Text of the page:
A mutant strain of Pseudomonas testosteroni blocked in phthalate catabolism converted phthalate into 4,5-dihydroxyphthalate. The latter compound was isolated, and its physical properties were determined. A stoichiometric conversion of the compound to protocatechuate was demonstrated spectrophotometrically with crude extracts of a protocatechuate 4,5-dioxygenase-deficient mutant. Therefore, phthalate is metabolized through 4,5-dihydroxyphthalate and protocatechuate, which is further degraded by protocatechuate 4,5-dioxygenase in P. testosteroni. By using several mutants blocked in phthalate catabolism, 4,5-dihydroxyphthalate decarboxylase was shown to be induced by phthalate. A simple spectrophotometric assay for the enzyme is also reported.
... The aerobic biodegradation of PA, IPA and TPA has been studied since almost 60 years (Ribbons and Evans, 1960;Keyser et al., 1976), and has meanwhile been demonstrated in a large number of Grampositive and -negative bacteria, as well as in some fungi. For detailed lists of species that use the three phthalic acid isomers as sole source of carbon and energy we refer to previous reviews (Vamsee-Krishna and Phale, 2008;Gao and Wen, 2016). ...
Article
Full-text available
The environmentally relevant xenobiotic esters of phthalic acid (PA), isophthalic acid (IPA) and terephthalic acid (TPA) are produced on a million ton scale annually and are predominantly used as plastic polymers or plasticizers. Degradation by microorganisms is considered as the most effective means of their elimination from the environment and proceeds via hydrolysis to the corresponding phthalic acid isomers and alcohols under oxic and anoxic conditions. Further degradation of PA, IPA and TPA differs fundamentally between anaerobic and aerobic microorganisms. The latter introduce hydroxyl functionalities by dioxygenases to facilitate subsequent decarboxylation by either aromatizing dehydrogenases or cofactor‐free decarboxylases. In contrast, anaerobic bacteria activate the phthalic acids isomers to the respective thioesters using CoA ligases or CoA transferases followed by decarboxylation to the central intermediate benzoyl‐CoA. Decarboxylases acting on the three phthalic acid CoA thioesters belong to the UbiD enzyme family that harbor a prenylated FMN cofactor to achieve the mechanistically challenging decarboxylation. Capture of the extremely instable PA‐CoA intermediate is accomplished by a massive overproduction of PCD and a balanced production of PA‐CoA forming/decarboxylating enzymes. The strategy of anaerobic phthalate degradation probably represents a snapshot of an ongoing evolution of a xenobiotic degradation pathway via a short‐lived reaction intermediate. This article is protected by copyright. All rights reserved.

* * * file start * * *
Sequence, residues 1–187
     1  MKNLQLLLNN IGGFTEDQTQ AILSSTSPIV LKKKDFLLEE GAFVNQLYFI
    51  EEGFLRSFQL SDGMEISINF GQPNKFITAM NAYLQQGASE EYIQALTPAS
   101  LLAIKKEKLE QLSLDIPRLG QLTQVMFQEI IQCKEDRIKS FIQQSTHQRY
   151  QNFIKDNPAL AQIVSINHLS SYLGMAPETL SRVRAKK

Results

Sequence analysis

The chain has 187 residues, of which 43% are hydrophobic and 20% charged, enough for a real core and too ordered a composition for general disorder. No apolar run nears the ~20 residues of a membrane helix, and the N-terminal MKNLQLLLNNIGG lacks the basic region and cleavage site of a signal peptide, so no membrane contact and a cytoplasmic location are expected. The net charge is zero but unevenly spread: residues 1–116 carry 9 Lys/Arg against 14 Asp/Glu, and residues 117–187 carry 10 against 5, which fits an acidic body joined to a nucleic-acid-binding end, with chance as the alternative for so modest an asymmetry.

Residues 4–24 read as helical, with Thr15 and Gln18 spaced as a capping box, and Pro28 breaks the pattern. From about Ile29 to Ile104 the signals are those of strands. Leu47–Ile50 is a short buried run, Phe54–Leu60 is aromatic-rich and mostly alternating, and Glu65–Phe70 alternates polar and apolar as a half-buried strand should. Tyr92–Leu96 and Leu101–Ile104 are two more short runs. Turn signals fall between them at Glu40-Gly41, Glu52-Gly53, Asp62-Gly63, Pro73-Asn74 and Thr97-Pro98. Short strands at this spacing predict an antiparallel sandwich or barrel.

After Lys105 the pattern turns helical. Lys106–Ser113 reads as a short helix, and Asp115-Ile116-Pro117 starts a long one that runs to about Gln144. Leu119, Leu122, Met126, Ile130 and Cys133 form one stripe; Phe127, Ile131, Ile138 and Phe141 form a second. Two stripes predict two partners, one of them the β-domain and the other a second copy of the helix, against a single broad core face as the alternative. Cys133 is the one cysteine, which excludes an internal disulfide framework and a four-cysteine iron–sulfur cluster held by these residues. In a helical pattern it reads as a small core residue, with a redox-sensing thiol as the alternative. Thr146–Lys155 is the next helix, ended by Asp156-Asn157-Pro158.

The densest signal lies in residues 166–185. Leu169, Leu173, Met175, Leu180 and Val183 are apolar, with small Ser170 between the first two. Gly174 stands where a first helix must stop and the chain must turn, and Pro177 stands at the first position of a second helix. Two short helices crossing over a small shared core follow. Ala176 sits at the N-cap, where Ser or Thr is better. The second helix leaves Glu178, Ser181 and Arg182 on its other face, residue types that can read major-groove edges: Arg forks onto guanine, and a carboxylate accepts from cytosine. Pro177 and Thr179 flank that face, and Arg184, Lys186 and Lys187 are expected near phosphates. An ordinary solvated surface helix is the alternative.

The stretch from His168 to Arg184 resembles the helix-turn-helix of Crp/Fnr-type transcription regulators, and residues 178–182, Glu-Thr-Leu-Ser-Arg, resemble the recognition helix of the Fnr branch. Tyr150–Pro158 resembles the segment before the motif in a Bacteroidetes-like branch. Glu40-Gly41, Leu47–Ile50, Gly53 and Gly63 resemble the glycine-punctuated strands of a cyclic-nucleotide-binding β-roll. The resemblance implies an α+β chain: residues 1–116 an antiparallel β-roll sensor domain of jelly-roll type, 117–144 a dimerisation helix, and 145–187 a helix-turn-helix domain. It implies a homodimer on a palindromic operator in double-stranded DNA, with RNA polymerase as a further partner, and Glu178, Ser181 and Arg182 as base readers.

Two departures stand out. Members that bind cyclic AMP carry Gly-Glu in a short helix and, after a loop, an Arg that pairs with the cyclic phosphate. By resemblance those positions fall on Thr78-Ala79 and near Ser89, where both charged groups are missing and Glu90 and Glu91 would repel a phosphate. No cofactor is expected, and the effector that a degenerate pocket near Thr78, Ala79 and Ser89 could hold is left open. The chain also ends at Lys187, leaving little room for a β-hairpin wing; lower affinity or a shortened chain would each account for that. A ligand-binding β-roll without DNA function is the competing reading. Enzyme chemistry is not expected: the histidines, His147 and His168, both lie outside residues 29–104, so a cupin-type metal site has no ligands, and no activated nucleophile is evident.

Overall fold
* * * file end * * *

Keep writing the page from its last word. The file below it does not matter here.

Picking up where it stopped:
... The ease of phthalic acid biodegradation in nature follows the order: o-phthalate > terephthalate > isophthalate [7,24]. Aerobic bacteria use molecular oxygen as a cosubstrate to attack the stable aromatic ring of phthalate through dioxygenase-catalyzed addition of hydroxyl groups that facilitate decarboxylation to protocatechuate, a key intermediate of aerobic degradation of aromatic compounds [25][26][27][28][29]. Aerobic phthalate degradation has been studied in detail. ...
Article
Full-text available